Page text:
None of this is meant to signal a retreat from our holding in Day. In that case, we found that a claim brought in federal court by a group of former shareholders against the purchasers of their stock was parallel for Colorado River purposes to a pending state court action involving essentially the same parties, where the federal action turned on the interpretation of the payment provision of the stock purchase agreement which was the subject of the state litigation. Day v. Union Mines, Inc., 862 F.2d 652, 655-57 (7th Cir. 1988). We found the federal and state suits to be parallel even though the particular issue presented in the federal claim--the interpretation of the payment provision of the stock purchase agreement--was not specifically raised in the state court proceeding. In the state action, the purchasers of the stock had claimed that the shareholders breached certain representations and warranties, thereby relieving the purchasers of their obligations under the stock purchase agreement. The state action therefore addressed the validity, enforceability, and interpretation of the entire stock purchase agreement, of which the payment provision was a part. Under these circumstances, we agreed with the district court's conclusion that the issue presented in the federal claim would be disposed of in the state litigation, regardless of which party prevailed in the state case. See id. at 656. We reasoned that if the purchasers won the state case, then the purchase agreement would be declared invalid in toto, and the shareholders would be left unable to enforce its payment provision against the purchasers. We further surmised that if the shareholders won the state case, then this would constitute a finding by the state court that they were entitled to payment, and the state court would almost inevitably have to interpret the payment provision in order to determine the amount of payment that they could collect. Given this, we concluded that the issue presented in the federal action was premature, since it could not be resolved until the issue presented in the state action (the validity of the stock purchase agreement) was decided. Therefore, we found that the federal and state actions were parallel, and we ruled that "[w]here the validity, enforceability and interpretation of a contract are at issue in both federal and state courts, and the state litigation was commenced first and has progressed substantially towards completion, entry of a stay does not under Colorado River constitute an abuse of discretion." Id.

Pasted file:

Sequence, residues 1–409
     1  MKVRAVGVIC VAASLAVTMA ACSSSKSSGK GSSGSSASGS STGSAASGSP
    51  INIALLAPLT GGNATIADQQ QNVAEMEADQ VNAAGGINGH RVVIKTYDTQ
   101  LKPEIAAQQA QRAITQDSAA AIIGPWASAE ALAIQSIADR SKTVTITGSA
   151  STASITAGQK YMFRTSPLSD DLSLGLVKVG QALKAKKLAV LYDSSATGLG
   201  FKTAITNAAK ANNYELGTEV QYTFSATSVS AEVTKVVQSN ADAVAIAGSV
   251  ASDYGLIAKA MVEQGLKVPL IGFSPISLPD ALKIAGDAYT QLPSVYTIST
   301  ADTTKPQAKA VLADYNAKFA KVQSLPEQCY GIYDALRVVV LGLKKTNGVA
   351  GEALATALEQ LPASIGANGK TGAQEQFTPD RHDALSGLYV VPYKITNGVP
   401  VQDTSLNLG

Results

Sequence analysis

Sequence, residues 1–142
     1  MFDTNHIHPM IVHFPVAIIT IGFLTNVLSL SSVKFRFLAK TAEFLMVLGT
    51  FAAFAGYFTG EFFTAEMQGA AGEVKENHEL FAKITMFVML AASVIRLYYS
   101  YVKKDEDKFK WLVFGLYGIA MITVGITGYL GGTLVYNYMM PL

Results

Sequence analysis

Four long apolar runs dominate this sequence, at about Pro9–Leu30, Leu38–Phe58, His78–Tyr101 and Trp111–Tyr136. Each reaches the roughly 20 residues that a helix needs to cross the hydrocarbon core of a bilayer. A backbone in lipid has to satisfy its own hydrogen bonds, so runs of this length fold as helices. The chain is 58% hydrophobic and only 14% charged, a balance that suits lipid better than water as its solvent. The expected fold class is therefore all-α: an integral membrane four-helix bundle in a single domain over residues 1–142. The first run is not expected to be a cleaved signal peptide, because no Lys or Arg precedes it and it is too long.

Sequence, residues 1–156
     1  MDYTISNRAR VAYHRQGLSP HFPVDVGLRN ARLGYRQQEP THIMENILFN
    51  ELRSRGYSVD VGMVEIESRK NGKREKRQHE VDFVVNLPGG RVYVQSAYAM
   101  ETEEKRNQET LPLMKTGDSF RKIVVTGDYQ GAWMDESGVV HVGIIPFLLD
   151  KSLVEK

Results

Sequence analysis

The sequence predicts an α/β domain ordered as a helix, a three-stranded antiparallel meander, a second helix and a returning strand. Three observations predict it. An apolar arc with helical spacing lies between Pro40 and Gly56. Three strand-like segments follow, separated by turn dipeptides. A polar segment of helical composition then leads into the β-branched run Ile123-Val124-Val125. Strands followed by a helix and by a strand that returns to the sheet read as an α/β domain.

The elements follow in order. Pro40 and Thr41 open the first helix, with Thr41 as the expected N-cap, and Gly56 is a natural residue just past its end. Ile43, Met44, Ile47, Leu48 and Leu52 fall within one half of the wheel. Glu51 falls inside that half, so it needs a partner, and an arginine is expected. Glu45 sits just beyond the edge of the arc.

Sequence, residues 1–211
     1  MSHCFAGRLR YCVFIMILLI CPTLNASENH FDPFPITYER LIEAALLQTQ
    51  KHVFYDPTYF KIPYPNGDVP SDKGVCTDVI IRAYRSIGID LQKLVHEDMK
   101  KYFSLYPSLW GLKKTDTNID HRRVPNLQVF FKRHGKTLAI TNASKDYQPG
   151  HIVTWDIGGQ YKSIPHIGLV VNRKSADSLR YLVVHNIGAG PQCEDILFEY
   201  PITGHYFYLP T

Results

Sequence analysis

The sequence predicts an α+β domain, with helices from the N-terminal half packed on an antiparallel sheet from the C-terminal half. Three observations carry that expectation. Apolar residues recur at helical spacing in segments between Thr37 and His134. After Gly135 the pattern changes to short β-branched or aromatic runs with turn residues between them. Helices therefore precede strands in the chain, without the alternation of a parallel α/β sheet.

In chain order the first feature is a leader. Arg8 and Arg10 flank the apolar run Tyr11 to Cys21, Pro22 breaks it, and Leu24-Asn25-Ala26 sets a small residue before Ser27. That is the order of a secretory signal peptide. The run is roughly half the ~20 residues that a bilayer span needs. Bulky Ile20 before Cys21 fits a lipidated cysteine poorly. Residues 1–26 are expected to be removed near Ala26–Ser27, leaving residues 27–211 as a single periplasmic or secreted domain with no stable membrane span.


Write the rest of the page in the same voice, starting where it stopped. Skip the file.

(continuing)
24

We find this case to be distinguishable from Day. VH has not argued in any of the Greek actions that AAR's claimed breach invalidated the lease or excused VH from its lease obligations to pay rent and discharge liens against the aircraft. Rather, it seeks to hold AAR liable for breaching certain claimed warranties which would not necessarily implicate its own obligations under section 1E of the lease. Therefore, it is possible that VH could prevail in the Greek action without defeating all of AAR's claims in the federal action. In addition, it is not necessarily the case that the issue presented by VH in the foreign action must be resolved before the district court can rule on the claim presented in the federal action. While actions filed in separate fora alleging breaches of different provisions of the same contract may frequently be deemed parallel for Colorado River purposes, see generally Evans Transp. Co. v. Scullin Steel Co., 693 F.2d 715 (7th Cir. 1982); Microsoftware Computer Sys., Inc. v. Ontel Corp., 686 F.2d 531 (7th Cir. 1982) (overruled on other grounds by Gulf Stream Aerospace Corp. v. Mayacamas Corp., 485 U.S. 27 (1988)); Darsie v. Avia Group Int'l, Inc., 36 F.3d 743 (8th Cir. 1994); Manley, Inc. v. Keystone Food Prods., Inc., 859 F.2d 80 (8th Cir. 1988), the presence of section 1E of the lease prevents us from drawing such a conclusion here.